3. Suleria HA, et al. Marine-based nutraceuticals: an innovative trend in the food and supplement industries, 2015
  4. Bouga M, et al. Emergence of seaweed and seaweed-containing foods in the UK: focus on labeling, iodine content, toxicity and nutrition, 2015
  5. European Commission. Novel food catalogue. Version1.1, 2018
  6. Greenwood DA, et al. Amino acid composition of fresh and cooked beef cuts, 1951
  7. Lourenço SO, et al. Amino acid composition, protein content and calculation of nitrogen-to-protein conversion factors for 19 tropical seaweeds, 2002
  8. EFSA Panel on Dietetic Products, Nutrition and Allergies. Scientific opinion on dietary reference values for carbohydrates and dietary fibre, 2010
  9. Brownlee IA, et al. Alginate as a source of dietary fiber, 2005
  10. El Khoury D, et al. The role of alginates in regulation of food intake and glycemia: a gastroenterological perspective, 2015
  11. Chater PI, et al. Inhibitory activity of extracts of Hebridean brown seaweeds on lipase activity, 2016
  12. Michel C, et al. In vitro fermentation by human faecal bacteria of total and purified dietary fibres from brown seaweeds, 1996
  13. Ramnani P, et al. In vitro fermentation and prebiotic potential of novel low molecular weight polysaccharides derived from agar and alginate seaweeds, 2012
  14. Bai S, et al. Comparative study on the in vitro effects of Pseudomonas aeruginosa and seaweed alginates on human gut microbiota, 2017
  15. Bajury DM, et al. Prebiotic evaluation of red seaweed (Kappaphycus alvarezii) using in vitro colon model, 2017
  16. Fu X, et al. Structural characterization and in vitro fermentation of a novel polysaccharide from Sargassum thunbergii and its impact on gut microbiota, 2018
  17. Madden M, et al. Seasonality of selected nutritional constituents of edible Delmarva seaweeds, 2012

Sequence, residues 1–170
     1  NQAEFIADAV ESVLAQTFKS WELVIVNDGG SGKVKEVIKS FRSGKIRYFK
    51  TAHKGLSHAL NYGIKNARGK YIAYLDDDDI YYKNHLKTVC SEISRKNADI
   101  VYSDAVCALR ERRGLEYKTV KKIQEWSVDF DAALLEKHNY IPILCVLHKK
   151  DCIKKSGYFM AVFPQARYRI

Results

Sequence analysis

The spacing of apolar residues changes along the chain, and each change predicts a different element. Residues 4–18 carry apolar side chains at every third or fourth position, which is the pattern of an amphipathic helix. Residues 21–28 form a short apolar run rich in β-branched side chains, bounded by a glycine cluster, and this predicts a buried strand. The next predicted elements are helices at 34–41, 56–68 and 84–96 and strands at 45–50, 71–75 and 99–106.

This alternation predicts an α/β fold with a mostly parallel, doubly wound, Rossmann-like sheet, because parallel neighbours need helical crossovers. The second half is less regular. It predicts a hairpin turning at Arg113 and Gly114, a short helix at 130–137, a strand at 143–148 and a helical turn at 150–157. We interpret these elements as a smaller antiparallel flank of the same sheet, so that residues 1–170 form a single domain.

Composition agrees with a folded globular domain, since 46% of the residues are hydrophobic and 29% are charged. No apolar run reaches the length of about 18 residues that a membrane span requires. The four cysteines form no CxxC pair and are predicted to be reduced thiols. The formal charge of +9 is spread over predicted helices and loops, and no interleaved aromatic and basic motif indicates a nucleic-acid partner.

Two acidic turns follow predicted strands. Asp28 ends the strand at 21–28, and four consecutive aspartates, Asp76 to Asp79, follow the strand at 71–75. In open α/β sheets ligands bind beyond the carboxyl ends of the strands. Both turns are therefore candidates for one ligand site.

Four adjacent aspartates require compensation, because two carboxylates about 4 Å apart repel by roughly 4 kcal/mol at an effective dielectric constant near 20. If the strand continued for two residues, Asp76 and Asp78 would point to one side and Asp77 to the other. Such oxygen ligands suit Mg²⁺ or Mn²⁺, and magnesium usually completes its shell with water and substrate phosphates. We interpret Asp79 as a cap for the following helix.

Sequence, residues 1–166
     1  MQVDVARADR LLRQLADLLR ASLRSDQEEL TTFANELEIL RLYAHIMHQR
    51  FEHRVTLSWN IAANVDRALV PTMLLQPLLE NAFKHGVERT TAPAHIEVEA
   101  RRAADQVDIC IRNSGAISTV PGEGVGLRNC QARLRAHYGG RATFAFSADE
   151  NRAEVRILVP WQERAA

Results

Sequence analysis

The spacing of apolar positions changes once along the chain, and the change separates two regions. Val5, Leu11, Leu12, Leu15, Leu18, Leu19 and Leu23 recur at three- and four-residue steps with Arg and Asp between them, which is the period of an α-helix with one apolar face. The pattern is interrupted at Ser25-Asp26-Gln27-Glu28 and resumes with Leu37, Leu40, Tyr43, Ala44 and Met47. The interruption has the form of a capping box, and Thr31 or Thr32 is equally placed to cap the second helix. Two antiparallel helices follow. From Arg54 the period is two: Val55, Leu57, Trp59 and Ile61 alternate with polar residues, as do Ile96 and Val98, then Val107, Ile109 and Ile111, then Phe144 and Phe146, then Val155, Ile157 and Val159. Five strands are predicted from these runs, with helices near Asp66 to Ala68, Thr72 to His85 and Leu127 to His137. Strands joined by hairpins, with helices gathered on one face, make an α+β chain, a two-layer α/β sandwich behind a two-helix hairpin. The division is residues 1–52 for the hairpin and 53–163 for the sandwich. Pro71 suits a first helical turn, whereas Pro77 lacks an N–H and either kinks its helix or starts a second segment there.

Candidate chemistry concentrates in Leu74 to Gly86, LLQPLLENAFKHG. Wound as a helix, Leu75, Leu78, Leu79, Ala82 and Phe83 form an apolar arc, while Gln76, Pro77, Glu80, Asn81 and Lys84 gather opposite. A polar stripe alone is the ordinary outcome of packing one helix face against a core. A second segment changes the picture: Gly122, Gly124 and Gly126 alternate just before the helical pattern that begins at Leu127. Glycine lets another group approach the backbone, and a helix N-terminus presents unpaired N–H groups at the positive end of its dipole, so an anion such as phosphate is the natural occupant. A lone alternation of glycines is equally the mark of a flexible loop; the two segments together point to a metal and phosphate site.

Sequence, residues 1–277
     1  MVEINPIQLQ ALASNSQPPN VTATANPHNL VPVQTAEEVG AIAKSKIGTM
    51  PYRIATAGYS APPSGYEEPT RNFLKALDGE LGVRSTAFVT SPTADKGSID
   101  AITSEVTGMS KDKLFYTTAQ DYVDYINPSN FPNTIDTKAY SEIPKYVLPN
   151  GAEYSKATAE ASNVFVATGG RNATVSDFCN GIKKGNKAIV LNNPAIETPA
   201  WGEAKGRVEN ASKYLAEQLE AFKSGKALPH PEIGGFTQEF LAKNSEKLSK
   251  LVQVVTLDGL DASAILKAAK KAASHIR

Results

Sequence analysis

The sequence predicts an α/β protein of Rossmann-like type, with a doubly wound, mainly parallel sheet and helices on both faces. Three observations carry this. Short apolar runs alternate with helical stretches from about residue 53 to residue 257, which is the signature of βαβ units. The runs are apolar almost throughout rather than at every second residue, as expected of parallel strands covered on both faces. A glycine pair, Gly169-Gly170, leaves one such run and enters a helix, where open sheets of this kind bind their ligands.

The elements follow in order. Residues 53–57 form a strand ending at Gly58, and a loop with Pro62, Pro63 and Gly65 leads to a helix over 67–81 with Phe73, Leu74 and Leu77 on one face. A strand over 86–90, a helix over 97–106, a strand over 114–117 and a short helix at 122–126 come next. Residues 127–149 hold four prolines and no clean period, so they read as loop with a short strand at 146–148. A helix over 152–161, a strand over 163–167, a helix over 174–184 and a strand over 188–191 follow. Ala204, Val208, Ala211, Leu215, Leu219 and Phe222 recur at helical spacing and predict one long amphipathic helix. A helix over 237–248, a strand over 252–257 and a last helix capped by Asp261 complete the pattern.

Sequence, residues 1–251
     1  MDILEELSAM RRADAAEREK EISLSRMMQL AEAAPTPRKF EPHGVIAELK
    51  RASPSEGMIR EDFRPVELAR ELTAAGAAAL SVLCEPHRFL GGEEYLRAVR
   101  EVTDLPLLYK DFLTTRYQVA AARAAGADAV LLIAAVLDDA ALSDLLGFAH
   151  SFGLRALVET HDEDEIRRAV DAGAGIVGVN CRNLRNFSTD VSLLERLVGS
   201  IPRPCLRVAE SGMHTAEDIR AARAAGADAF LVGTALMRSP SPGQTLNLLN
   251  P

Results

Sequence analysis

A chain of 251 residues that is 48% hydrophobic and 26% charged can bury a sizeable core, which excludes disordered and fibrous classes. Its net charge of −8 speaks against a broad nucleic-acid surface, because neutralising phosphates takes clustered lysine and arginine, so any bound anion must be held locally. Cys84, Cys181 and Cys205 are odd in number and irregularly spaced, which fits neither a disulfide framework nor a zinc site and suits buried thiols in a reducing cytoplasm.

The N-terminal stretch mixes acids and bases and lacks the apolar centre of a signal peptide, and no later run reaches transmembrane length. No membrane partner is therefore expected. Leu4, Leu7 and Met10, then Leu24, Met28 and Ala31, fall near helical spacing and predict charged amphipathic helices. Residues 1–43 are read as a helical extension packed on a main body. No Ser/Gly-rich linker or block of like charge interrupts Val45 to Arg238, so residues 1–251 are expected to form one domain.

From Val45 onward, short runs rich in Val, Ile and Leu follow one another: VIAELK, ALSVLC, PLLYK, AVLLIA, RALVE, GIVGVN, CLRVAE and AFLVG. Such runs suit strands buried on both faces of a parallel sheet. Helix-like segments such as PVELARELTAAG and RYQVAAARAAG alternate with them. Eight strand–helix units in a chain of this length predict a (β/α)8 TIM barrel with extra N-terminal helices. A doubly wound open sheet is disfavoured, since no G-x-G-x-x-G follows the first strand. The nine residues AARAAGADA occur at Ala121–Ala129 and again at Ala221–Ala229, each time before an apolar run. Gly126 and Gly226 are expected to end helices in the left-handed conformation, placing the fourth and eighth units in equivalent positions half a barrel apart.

18. Gressler V, et al. Biochemical composition of two red seaweed species grown on the Brazilian coast, 2011
  19. Heffernan N, et al. Profiling of the molecular weight and structural isomer abundance of macroalgae-derived phlorotannins, 2015
  20. Garcia-Casal MN, et al. Antioxidant capacity, polyphenol content and iron bioavailability from algae (Ulva sp., Sargassum sp. and Porphyra sp.) in human subjects, 2009
  21. Garcia-Casal MN, et al. High iron content and bioavailability in humans from four species of marine algae, 2007
  22. Nakamura E, et al. The in vitro digestibility and absorption of magnesium in some edible seaweeds, 2012
  23. Paiva L, et al. Edible Azorean macroalgae as source of rich nutrients with impact on human health, 2014
  24. Taboada C, et al. Composition, nutritional aspects and effect on serum parameters of marine algae Ulva rigida, 2010
  25. European Parliament, Council of the European Union. Regulation (EU) No 1169/2011 of the European Parliament and of the Council of 25 October 2011 on the provision of food information to consumers, amending Regulations (EC) No 1924/2006 and (EC) No 1925/2006 of the European Parliament and of the Council, and repealing Commission Directive 87/250/EEC, Council Directive 90/496/EEC, Commission Directive 1999/10/EC, Directive 2000/13/EC of the European Parliament and of the Council, Commission Directives 2002/67/EC and 2008/5/EC and Commission Regulation (EC) No 608/2004 (Text with EEA relevance), 2011
  26. Watanabe F, et al. Dried green and purple lavers (nori) contain substantial amounts of biologically active vitamin B12 but less of dietary iodine relative to other edible seaweeds, 1999
  27. Miyamoto E, et al. Characterization of vitamin B12 compounds from Korean purple laver (Porphyra sp.) products, 2009
  28. Desideri D, et al. Essential and toxic elements in seaweeds for human consumption, 2016
  29. Llop S, et al. Synergism between exposure to mercury and use of iodine supplements on thyroid hormones in pregnant women, 2015
  30. Cherry P, et al. Risks and benefits of consuming edible seaweeds, 2019
  31. Zava TT, et al. Assessment of Japanese iodine intake based on seaweed consumption in Japan: a literature-based analysis, 2011
  32. Clark CD, et al. Effects of kelp supplementation on thyroid function in euthyroid subjects, 2003
  33. Gherbon A, et al. Transient Hyperthyroidism following the ingestion of complementary medications containing kelp seaweed. A case-report, 2019
  34. Di Matola T, et al. Thyroid dysfunction following a kelp-containing marketed diet, 2014
  35. Müssig K, et al. Iodine-Induced Thyrotoxicosis After Ingestion of Kelp-Containing Tea, 2006
  36. Zimmermann M, et al. Iodine supplementation of pregnant women in Europe: a review and recommendations, 2004
  37. Bath SC, et al. Iodine concentration of milk-alternative drinks available in the UK in comparison with cows’ milk, 2017

Photo: Unsplash; Design: VLM Health